Lawns Coming Out of Winter

March 14, 2013

J.W. Rimelspach, Turf Pathology Program Specialist

The following are situations that may be seen in lawns at this time of year. Some of these may require some care and others will recover with new growth as spring conditions develop and the turf plants grow.

Feeding in lawn from rodents under the snow
More rodent feeding in turf.
Rodents often live in beds and mulched areas. They feed in turf under the cover of snow in the winter.
If the crowns of the grass plants were not eaten by the critters and are alive recovery will occur.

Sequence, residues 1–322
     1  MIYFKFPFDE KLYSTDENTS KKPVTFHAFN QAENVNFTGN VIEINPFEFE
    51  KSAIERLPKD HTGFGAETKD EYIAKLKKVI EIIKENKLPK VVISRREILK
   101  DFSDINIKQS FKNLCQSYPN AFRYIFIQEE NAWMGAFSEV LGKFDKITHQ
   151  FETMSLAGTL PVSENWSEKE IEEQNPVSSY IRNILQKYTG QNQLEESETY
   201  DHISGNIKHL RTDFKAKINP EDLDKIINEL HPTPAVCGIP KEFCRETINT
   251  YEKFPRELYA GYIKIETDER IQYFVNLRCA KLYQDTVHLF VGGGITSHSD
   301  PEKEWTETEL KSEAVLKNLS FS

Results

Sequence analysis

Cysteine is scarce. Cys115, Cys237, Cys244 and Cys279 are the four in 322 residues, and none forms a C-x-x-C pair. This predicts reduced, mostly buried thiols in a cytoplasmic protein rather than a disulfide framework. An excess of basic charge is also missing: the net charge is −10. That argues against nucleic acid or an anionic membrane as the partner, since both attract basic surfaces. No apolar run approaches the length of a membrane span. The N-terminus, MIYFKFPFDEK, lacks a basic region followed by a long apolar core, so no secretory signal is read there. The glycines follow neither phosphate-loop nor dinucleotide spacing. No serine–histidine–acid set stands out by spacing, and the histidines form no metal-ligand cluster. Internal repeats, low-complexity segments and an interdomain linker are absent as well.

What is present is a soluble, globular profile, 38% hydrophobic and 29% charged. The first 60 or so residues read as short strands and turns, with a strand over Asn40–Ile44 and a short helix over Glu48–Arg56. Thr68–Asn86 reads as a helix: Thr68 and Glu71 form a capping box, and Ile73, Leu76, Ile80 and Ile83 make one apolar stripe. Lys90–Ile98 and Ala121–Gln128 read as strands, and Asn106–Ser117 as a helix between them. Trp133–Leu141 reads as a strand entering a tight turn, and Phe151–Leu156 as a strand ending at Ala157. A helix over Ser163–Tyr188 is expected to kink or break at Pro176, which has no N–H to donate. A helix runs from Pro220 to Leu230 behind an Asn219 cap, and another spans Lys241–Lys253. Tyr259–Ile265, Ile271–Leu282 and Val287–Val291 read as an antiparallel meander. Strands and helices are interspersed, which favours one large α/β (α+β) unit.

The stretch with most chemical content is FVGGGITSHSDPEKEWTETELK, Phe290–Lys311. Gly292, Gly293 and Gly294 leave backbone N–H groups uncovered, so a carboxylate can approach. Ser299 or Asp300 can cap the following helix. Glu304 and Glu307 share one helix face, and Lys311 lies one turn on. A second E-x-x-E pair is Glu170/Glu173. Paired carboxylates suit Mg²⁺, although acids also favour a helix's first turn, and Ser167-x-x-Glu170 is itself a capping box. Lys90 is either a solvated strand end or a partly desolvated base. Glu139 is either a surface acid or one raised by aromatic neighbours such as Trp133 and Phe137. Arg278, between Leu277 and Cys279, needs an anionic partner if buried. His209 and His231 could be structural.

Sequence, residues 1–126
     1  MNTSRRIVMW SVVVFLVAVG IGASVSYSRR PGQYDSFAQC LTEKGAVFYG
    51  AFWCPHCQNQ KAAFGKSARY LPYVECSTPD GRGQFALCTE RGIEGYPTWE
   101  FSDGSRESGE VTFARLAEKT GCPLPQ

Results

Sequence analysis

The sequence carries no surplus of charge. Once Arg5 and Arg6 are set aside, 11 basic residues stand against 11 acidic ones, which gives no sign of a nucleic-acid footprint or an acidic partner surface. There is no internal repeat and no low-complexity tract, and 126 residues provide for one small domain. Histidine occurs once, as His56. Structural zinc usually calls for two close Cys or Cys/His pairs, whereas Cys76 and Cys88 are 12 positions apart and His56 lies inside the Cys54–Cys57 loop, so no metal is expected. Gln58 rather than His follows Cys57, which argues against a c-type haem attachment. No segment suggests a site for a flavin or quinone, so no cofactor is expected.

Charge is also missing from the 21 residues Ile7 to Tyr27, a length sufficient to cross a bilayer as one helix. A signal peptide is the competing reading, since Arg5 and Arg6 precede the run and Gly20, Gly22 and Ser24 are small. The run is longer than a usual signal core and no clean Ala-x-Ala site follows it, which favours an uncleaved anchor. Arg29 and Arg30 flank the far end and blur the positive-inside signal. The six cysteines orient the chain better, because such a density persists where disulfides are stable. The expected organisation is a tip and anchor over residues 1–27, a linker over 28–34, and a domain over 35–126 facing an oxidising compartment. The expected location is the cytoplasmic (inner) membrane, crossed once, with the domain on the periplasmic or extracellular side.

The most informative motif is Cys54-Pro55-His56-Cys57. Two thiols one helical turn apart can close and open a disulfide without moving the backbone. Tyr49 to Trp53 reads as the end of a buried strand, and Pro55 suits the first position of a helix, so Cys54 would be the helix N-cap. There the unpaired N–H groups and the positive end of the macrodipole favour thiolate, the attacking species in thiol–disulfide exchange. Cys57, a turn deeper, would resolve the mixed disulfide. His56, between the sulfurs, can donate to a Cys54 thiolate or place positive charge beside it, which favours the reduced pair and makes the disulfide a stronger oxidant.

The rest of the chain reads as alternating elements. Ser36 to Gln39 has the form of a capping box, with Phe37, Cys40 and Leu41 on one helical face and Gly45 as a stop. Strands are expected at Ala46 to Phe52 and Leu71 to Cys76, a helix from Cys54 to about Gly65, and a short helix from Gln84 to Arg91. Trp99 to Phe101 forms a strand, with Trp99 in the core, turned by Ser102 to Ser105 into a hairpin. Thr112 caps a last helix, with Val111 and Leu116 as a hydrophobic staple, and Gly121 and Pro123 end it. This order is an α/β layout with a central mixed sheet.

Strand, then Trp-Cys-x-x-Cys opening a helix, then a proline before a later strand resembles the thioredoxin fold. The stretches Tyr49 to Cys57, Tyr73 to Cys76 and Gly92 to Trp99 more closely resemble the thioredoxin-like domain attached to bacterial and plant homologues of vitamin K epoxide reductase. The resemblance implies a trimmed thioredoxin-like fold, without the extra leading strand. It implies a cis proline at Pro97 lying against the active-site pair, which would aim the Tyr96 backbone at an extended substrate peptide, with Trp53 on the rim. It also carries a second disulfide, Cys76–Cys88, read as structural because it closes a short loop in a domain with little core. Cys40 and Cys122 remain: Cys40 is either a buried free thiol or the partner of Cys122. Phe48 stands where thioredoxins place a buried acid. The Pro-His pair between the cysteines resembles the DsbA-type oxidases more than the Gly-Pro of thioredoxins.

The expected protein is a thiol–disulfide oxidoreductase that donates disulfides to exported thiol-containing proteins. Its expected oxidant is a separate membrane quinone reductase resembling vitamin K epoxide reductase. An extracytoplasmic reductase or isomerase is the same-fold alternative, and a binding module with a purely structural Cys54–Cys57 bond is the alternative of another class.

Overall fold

An area of a lawn heavily feed on by rodents, but note the new shoots starting to grow from the crowns. Recovery here should be good. Thin spots like this may be invaded by weeds.
Damage to turf from tire tracks on frozen lawn. If the crowns of the grass plants are alive, recovery will occur.
Damage to edge of lawn from tire tracks on soft ground. This area will require repair work and seeding or sodding. Work can be done as soon as the soil is workable.
The brown grass is NOT DEAD but dormant warm-season grass. These are patches of nimblewill (Muhlenbergia schreberi). As the weather warms in late spring this grass will start to grow again.
Close up of a patch of dormant nimblewill (Muhlenbergia schreberi).
Damaged spots from pet urine during the winter. If the salt levels are high the turf plants may die.